Father of boy starved to death by grandparents testifies at coroner’s inquest

An inquest into the death of a five-year-old boy fatally starved by his grandparents is hearing that children’s aid had no protection concerns about the couple when they got custody of the boy’s eldest sister.

TORONTO — An inquest into the death of a five-year-old boy fatally starved by his grandparents is hearing that children’s aid had no protection concerns about the couple when they got custody of the boy’s eldest sister.

Jeffrey Baldwin died in November 2002 weighing 21 pounds — about the same as he did on his first birthday.

Elva Bottineau and Norman Kidman were granted custody of Jeffrey and his three siblings by two different children’s aid societies, which were unaware at the time that both Bottineau and Kidman had been previously convicted of child abuse.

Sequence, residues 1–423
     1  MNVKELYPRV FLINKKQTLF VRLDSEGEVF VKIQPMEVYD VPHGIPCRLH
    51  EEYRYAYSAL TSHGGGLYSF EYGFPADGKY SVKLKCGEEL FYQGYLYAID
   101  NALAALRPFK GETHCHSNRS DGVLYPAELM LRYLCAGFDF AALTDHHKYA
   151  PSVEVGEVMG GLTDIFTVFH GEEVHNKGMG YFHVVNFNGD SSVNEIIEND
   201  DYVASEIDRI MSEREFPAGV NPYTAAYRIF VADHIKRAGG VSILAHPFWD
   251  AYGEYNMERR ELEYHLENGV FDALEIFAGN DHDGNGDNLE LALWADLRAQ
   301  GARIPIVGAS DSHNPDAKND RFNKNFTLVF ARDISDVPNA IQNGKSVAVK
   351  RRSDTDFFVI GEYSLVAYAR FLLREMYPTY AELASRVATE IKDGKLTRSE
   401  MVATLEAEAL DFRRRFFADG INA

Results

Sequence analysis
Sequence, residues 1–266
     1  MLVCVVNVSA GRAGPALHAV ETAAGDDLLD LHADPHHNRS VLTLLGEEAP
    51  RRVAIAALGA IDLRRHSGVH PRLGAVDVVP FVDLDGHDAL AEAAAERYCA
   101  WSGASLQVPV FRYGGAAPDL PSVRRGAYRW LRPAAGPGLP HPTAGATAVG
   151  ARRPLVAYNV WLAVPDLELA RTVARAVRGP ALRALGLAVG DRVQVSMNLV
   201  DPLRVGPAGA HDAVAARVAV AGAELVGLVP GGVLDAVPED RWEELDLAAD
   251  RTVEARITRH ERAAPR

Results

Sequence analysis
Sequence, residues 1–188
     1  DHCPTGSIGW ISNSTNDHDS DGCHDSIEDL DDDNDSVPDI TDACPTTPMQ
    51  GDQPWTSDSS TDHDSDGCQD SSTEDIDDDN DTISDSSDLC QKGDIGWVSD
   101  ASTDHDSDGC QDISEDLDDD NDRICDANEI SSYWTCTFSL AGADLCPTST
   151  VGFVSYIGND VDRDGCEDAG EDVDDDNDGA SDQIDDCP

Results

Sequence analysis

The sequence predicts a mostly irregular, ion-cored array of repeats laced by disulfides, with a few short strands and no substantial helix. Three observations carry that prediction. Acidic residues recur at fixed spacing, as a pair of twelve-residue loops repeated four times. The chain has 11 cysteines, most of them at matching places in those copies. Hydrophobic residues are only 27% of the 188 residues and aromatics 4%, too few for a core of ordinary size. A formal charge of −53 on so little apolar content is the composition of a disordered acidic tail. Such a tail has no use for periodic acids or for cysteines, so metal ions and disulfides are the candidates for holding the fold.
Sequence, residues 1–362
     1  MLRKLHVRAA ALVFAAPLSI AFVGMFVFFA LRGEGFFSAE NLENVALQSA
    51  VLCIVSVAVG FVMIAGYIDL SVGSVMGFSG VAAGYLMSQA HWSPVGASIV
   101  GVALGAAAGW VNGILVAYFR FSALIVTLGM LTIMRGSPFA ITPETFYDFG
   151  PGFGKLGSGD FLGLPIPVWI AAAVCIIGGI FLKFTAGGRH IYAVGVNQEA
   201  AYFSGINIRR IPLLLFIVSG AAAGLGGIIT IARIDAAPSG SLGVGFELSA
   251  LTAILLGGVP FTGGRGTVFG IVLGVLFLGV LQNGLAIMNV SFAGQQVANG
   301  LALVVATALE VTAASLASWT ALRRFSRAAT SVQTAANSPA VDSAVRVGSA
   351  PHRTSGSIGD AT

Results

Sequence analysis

The couple later went to court to obtain full, legal custody of the four siblings.

The coroner’s inquest into Jeffrey’s death is hearing today from the boy’s father, Richard Baldwin, who says when Jeffrey’s oldest sister was a baby she was put in the care of Bottineau, who had complained to the children’s aid society about the girl’s parents’ fighting.

A document from the Catholic Children’s Aid Society written in 1995 after Bottineau got legal custody of the baby says there is no reason for further involvement with the family as there were no protection concerns about the grandparents.

Bottineau and Kidman were ultimately convicted of second-degree murder in Jeffrey’s death and are serving life sentences.